Intussusception in Dogs and Puppies
We had no idea that within a few weeks of his adoption, Tony would suffer from a serious disorder known as Intussusception. When this always-hungry, happy and active pup began to refuse food, vomit a bile-like mucus, and show no interest in his surroundings we knew we had to take action.
Intussusception refers to an inflammation of the intestines, a portion of the intestine that has slipped out of its normal place (prolapse), and a portion of the intestine that has folded (invagination)."— Pet MD
Finding the Right Puppy
When we looked for a dog to add to the family, we were determined to find a good match for our ten year old Cookie. After having some issues in the past with our late Chow Mix who was territorial, we knew that finding the right temperament in a puppy would be critical.
At the SPCA, we found two black Lab mix puppies that were around two months old. The larger male was sleeping on top of his sibling, a female. The loud barking that our visit incited didn't seem to rouse them. That told us this guy was a sound sleeper.
Having been neutered and administered his puppy shots, he was ready for a forever home. From the moment I held him in my arms, there was no doubt he was the one for us.
Most of our other pets came to us in the rural area where we live. Over the years there have been dozens of strays who wandered to our doorstep abandoned, hungry and neglected. There was a variety of Golden Retrievers, Great Danes, Dalmatians, Chows, Australian Shepherds, and even a family of Labradors with their four pups, among others that we weren't able to keep. After losing three of our four dogs to old age, we were ready for another one.
The adoption process seemed to take forever as I held him tightly in my arms. As the staff took our information and filled out forms, it was hard to keep my mind off the adult dogs whose pleading barks could still be heard. Many older dogs wouldn't be as lucky as this guy. Undaunted by the prospect of leaving his litter mate, he planted a kiss on my chin.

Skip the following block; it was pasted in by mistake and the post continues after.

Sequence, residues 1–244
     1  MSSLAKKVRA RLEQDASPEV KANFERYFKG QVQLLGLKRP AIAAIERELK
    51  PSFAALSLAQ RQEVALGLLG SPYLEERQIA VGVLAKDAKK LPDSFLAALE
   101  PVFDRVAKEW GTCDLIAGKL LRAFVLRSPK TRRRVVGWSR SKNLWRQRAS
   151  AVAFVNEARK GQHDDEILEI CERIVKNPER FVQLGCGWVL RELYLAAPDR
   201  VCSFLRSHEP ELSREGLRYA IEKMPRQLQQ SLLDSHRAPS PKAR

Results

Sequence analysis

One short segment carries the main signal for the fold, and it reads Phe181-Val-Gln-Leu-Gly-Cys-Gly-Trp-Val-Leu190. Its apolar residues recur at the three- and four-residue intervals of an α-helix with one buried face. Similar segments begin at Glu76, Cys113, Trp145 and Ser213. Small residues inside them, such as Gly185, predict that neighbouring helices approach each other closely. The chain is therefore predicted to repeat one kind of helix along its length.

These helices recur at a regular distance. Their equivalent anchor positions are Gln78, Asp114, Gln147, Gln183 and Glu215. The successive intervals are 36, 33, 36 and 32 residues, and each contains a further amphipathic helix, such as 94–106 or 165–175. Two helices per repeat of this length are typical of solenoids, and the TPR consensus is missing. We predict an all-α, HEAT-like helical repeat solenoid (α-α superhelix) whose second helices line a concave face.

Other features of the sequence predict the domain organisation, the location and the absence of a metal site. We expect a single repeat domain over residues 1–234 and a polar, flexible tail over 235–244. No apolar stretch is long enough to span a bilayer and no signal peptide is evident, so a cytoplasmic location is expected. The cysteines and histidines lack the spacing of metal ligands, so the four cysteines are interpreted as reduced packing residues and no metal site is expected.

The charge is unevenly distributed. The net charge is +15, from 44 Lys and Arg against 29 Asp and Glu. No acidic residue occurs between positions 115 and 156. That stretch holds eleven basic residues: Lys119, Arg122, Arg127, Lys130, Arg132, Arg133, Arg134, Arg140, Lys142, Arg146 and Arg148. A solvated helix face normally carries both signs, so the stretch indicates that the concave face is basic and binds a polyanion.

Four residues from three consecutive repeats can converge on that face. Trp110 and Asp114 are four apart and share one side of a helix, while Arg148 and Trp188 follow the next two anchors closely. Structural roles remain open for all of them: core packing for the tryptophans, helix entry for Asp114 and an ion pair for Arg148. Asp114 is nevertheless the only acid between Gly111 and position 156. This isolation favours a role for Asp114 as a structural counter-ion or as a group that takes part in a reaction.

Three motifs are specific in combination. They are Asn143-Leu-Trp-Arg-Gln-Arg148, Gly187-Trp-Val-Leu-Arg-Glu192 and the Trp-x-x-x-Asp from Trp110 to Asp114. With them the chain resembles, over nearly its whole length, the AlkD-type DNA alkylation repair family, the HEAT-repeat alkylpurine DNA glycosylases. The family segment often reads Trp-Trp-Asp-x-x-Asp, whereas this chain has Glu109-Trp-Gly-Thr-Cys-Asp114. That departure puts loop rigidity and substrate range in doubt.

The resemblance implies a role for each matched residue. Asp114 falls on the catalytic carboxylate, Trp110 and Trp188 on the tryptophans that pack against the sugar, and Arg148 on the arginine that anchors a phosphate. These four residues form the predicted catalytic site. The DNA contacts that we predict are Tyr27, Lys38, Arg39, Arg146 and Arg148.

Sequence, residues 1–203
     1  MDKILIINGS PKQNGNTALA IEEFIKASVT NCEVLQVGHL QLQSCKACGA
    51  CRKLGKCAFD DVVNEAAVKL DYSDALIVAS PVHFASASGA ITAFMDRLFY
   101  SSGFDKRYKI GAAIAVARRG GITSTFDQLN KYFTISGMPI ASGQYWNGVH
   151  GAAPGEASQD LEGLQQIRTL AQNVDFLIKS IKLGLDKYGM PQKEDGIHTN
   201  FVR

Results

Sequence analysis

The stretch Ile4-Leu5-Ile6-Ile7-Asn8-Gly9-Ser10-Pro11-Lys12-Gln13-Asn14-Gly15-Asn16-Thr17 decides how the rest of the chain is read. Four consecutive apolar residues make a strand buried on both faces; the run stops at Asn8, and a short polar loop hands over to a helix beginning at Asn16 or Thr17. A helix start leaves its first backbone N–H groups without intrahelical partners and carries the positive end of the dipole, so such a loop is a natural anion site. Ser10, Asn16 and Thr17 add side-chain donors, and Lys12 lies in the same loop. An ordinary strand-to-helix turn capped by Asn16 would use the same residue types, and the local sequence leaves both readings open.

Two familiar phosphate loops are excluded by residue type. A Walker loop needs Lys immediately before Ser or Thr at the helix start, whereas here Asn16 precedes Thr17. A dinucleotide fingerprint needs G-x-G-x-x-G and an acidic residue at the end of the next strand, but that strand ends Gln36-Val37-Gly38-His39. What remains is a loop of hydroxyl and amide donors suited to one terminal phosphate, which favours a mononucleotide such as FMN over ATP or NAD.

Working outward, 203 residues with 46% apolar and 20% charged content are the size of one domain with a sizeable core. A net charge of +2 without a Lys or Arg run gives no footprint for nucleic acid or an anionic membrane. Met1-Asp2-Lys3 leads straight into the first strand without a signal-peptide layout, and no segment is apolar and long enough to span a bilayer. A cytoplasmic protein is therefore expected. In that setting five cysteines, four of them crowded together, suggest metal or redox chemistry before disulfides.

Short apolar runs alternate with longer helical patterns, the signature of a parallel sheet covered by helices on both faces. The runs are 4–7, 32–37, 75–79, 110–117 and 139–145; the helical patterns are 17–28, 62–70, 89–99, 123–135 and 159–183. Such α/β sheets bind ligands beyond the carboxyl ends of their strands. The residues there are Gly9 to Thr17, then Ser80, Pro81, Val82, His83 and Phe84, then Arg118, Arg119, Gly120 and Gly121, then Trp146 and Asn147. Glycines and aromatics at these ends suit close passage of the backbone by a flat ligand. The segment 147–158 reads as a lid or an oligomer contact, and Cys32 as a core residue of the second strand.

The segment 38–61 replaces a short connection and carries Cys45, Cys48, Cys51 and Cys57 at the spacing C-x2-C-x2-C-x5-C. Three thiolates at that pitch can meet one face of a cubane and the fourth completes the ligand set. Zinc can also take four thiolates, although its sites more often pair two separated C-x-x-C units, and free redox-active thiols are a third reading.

Finally, we were given a folder filled with care instructions, canine coupons and a small bag of puppy food. Flourishing our brightly colored, purple leash we headed out, eager to get home and let him meet Cookie.
Tony Meets Cookie
We scheduled a same-day appointment to see our veterinarian who has cared for our pets for fifteen years. She struggled to find anything specifically wrong. He had no fever, no sign of ingesting pesticides and no worms. Tony's symptoms might fit a number of different issues.
The vet told us that Labs tend to chew on anything and everything. To rule out ingestion of a foreign object she took a lateral x-ray. This revealed only a gas pattern and no evidence of a swallowed object like a toy, a rawhide or a squeaker. Tony was given an anti-nausea injection and we took him home.
We left the Veterinarian's office on Monday hoping to see some improvement in Tony. Though it was nice not getting chewed on by his sharp little teeth, it was disturbing to see how lethargic and disinterested he was acting.
Tuesday night I slept downstairs, awakened hourly to find him waiting at the door to go outside. In spite of eating nothing for two days Tony continued to have diarrhea. He ran out, took care of business and ran back inside to his bed.
The next morning I called the Vet for some anti-diarrhea medicine.